Book Review: Job Search Bloopers
From time-to-time, as we receive career-related and job-hunting books and other resources from publishers, the staff of Quintessential Careers will review them to help you make better decisions about the best books to use in your career and job search.
Job Search Bloopers: Every Mistake You Can Make on the Road to Career Suicide… and How to Avoid Them, by Laura DeCarlo and Susan Guarneri, $15.99. Paperback. 256 pages, 2008, Career Press; ISBN: 1601630166
Reviewed by Katharine Hansen, Ph.D.
With Job Search Bloopers, Susan Guarneri and Laura DeCarlo have created the perfect resource for the frustrated job-seeker who wonders “Why can’t I get a job?”, “What am I doing wrong?”, or “Why am I so miserable in my career?” The book’s structure, which offers job-seeker stories, pinpoints exactly how the job-seeker has stumbled, and clearly outlines a better strategy, could not be more user-friendly. Guarneri and DeCarlo then motivate the reader by spelling out steps for a more effective job search.
Here are the top 10 things I learned from this book:
1. One of the top reasons middle managers and higher are excluded from consideration by employers is their assumption that a resume is sufficient, and they are not required to complete a job application. DeCarlo and Guarneri point out that an application gives the employer the legal ability to verify the information the job-seeker provides. Thus, many employers require them, and often ask candidates to complete them when they arrive for an interview.
2. Leaving problematic jobs off a resume has been a perfectly respectable strategy for some time, but in an age of increasing background checks and greater employer expectations that job-seekers account for their entire job histories, leaving jobs off a resume has become riskier. DeCarlo and Guarneri offer some new strategies for dealing with troublesome jobs, such as listing them in a bare-bones fashion so they attract less attention and encapsulating a group of older jobs.
3. Cover letters provide a great opportunity to substantiate accomplishments. Employers often suspect that resume claims are exaggerated, so, as DeCarlo and Guarneri point out, a cover letter provides the opportunity to describe “proof” that substantiates what’s on the resume.
4. A little creativity in following up after applying for a job can go a long way. For example, DeCarlo and Guarneri describe a Web designer who created a mock-up of the targeted employer’s new service Web page and included the URL for the site in his follow-up letter.
5. Job-search scams are lurking out there. The authors describe one such scam in which the job-seeker responded to an ad and was invited to travel to an interview but then was asked to wire-transfer $450 to the company — with the promise of quick reimbursement — to expedite the travel arrangements. When the job-seeker called to confirm the travel plans, she found the “employer’s” phone disconnected. I had not heard of such a scam. It bears repeating the authors’ warning never to comply with a so-called employer’s request to send money.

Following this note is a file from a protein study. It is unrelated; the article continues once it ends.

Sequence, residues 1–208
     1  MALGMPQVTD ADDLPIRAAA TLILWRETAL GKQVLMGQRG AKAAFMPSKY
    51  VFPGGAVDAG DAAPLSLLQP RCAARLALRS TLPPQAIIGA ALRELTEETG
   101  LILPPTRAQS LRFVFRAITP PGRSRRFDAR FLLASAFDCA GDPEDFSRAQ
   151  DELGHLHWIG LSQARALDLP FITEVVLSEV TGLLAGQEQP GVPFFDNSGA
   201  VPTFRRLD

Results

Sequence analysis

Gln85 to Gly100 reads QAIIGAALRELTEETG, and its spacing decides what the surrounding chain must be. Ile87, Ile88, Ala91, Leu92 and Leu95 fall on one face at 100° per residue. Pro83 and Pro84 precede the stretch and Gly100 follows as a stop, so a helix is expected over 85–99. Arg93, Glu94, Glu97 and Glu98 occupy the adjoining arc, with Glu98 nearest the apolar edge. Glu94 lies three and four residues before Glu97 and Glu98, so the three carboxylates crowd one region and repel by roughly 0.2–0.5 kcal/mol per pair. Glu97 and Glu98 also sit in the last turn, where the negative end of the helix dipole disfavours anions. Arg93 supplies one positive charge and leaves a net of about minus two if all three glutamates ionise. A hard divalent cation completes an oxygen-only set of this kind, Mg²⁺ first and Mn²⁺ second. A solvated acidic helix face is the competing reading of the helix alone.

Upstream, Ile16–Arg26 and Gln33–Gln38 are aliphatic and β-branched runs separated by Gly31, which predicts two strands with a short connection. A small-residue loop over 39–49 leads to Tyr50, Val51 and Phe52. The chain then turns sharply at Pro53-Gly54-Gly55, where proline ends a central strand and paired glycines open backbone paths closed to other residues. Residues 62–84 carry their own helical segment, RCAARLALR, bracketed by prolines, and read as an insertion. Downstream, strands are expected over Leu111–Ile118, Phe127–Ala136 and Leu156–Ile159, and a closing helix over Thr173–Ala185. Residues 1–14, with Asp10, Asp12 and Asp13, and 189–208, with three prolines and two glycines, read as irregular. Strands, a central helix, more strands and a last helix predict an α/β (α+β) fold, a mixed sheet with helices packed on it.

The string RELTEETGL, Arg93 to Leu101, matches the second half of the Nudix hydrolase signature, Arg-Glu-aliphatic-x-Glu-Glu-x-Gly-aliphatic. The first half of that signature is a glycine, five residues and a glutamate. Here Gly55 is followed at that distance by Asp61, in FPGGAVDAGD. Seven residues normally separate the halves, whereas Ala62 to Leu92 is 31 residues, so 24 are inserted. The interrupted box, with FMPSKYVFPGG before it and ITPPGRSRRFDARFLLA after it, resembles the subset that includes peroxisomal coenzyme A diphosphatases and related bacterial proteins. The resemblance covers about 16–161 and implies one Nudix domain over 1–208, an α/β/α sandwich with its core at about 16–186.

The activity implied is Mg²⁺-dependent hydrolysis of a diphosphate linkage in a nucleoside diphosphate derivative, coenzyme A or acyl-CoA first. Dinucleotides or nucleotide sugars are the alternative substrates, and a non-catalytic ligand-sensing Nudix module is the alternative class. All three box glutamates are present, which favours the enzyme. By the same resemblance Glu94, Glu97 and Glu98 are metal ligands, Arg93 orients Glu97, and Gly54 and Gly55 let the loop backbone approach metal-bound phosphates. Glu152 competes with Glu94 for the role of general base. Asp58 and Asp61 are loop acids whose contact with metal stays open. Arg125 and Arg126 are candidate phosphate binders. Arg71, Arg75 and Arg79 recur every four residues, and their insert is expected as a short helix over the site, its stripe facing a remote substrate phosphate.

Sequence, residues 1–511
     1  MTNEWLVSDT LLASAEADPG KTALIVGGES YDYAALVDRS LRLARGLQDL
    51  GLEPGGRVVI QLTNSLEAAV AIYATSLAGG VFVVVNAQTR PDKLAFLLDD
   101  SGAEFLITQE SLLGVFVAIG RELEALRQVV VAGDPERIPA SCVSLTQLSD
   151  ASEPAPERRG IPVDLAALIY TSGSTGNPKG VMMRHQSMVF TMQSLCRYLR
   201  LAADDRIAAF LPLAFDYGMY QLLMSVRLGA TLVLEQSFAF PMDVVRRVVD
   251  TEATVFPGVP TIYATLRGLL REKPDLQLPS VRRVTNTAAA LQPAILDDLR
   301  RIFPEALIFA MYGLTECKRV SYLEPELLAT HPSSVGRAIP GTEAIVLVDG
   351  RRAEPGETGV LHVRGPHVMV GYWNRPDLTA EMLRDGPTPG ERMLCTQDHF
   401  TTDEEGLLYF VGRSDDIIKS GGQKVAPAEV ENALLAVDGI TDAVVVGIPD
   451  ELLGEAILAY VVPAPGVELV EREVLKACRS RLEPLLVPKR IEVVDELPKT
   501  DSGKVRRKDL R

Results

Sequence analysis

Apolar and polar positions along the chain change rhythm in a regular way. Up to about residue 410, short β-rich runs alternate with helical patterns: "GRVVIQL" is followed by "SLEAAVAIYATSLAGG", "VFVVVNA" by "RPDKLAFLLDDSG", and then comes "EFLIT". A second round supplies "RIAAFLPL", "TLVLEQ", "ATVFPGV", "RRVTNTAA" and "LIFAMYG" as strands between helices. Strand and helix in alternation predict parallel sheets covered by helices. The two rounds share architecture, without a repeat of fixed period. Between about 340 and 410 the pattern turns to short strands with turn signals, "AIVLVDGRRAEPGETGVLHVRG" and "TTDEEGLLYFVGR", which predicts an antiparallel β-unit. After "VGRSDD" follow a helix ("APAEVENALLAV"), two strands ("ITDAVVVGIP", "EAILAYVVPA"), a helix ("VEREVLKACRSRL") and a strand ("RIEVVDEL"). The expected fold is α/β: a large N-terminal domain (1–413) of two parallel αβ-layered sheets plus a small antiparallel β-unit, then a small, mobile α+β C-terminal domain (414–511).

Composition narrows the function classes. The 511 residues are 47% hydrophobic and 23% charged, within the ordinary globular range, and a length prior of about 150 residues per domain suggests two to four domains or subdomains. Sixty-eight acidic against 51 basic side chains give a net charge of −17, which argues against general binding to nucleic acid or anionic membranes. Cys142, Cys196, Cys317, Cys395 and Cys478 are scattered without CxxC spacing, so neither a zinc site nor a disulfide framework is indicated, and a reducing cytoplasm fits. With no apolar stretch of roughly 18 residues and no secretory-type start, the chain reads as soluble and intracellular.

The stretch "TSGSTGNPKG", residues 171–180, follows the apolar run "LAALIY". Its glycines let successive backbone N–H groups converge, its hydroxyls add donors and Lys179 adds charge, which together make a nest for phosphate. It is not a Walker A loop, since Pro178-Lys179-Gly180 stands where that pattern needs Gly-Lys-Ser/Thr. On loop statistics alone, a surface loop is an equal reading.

6. Respect people’s time when conducting informational interviews. DeCarlo and Guarneri tell the tale of a job-seeker who asked for 15 minutes of a contact’s time but stayed well past that time even when it was obvious his interviewee was very busy. When my students have done informational interviews, they are often invited to stay longer than the requested 20-30 minutes, but the lesson is that a job-seeker should never overstay at an informational interview without that invitation.
7. “Headers” and “Taglines” on a resume provide a good way for a job-seeker to stand out. Trends come and go in resume writing, and one trend that is currently way out of fashion is the objective statement. Instead, the “Header” and “tagline,” which I call the “Headline” and “Branding Statement,” is the currently popular technique for sharpening a resume’s focus and “branding” the candidate. You can see more about this technique and many samples here.
8. I could relate to this blooper because I used to be guilty of it myself: Failure to ask questions in an interview. Sometimes it’s hard to come up with questions, especially when the interviewer does more talking than listening and ends up answering all your questions before you get a chance to ask them. Sufficient research on the employer should help the candidate develop questions. And there are always old standbys, such as “What are the things that you enjoy about working here?” Asking questions is key because it shows your interest in the organization. (I was a tad disappointed that the section in the interviewing chapter entitled, “Don’t Ever Let Them See You Sweat” was not literally about sweating because I’ve never seen a good solution for interviewees who sweat profusely in interviews.)
9. I could also relate to the bloopers in the salary-negotiation chapter because I’ve never been good at playing that game. DeCarlo and Guarneri make a great point about considering all the compensation variables, such as overtime opportunities, the benefits package, and cost of living in a different geographic area. Research is key.
10. Choose references who really know your work. Citing a bloopering job-seeker who listed her minister, Realtor, and banker as references, DeCarlo and Guarneri offer a nice hierarchy of the kind of people that job-seekers should ask to serve as their references:
- Tier 1: People 1 or More Levels Above You (in a current or past job or volunteering experience).
- Tier 2: People at the Same Level As You.
- Tier 3: People 1 Level Below You.
It’s one thing to read the same old advice from career experts; it’s quite another to learn from the impact of this book’s 72 blooper stories.
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